While it wasn’t easy, the City of Missoula finally received a bid to remodel Municipal Court at City Hall to accommodate one of the city’s new Municipal Court judges.
In the meantime, the judge will use City Council chambers as a makeshift courtroom. As a result, all are eager to get the construction project moving forward.
“I know the judges will be glad to get this going,” said council member Gwen Jones. “It also impacts us on the council to have our chambers back as council chambers and not as a courtroom.”
After receiving no bids late last year, the city finally netted a single bid for the project in its second try. That came from D. Lower Construction at a cost of roughly $210,000.
Last December, the City Council also approved a $94,000 contract with AVI Systems to install new technology in council chambers, allowing it to serve as a temporary courtroom while construction of a third courtroom was pending in City Hall.
A third courtroom became necessary after the 2021 Legislature amended state laws requiring the election – not the appointment – of municipal court judges. Missoula had one judge and two appointed part-time judges prior to the Legislature. It now has three elected Municipal Court judges, and it needs space as a result.
“I’m grateful we got one bid and we can move forward with this,” said Jones. “We’re trying to have the courtroom ready for the new judges, but we literally couldn’t get any bids because of the strange economic times we’re living in with the pandemic.”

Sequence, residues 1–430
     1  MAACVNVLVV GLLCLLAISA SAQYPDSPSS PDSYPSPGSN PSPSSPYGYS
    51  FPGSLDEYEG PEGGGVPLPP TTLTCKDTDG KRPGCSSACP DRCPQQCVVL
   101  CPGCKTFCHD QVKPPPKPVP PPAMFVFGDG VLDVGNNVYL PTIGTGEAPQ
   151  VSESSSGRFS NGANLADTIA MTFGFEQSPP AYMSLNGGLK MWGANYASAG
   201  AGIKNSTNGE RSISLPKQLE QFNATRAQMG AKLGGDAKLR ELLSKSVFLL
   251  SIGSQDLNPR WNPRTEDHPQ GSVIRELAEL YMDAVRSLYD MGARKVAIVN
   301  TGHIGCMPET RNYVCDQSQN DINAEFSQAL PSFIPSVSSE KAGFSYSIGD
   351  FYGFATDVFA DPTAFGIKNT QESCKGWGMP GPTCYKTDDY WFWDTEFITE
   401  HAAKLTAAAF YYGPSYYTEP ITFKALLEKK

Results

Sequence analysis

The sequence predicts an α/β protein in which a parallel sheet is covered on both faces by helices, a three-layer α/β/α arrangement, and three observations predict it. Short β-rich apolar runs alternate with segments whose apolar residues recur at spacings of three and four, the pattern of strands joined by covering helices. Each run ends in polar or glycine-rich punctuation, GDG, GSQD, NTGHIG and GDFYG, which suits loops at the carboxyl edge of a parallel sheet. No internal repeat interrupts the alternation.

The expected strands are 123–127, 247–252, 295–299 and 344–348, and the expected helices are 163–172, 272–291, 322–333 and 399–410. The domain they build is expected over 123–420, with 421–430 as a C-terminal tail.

The city has discussed returning to a hybrid meeting model – a blend of virtual and in-person meetings for committees and City Council’s weekly meeting. But that can’t happen until the city gets clearance from the health department – and gets City Council chambers back.
The shuffling of courtrooms also demonstrates the challenges facing both the city and county in finding the space needed to meet the basic functions of government as Missoula grows.
The two governments are looking to acquire the vacant downtown federal building and converting the facility into a central hub of government services. Doing so would meet their spatial needs and allow them to sell their old properties for redevelopment.
For now, however, City CAO Dale Bickell said City Hall will have to accommodate current needs. Funding for the courtroom construction will come from cash reserves in the General Fund.
“We only had one bid on this, but it came in substantially less than our original estimate,” Bickell said. “We reserved $500,000 for this, so we have a substantial savings here.”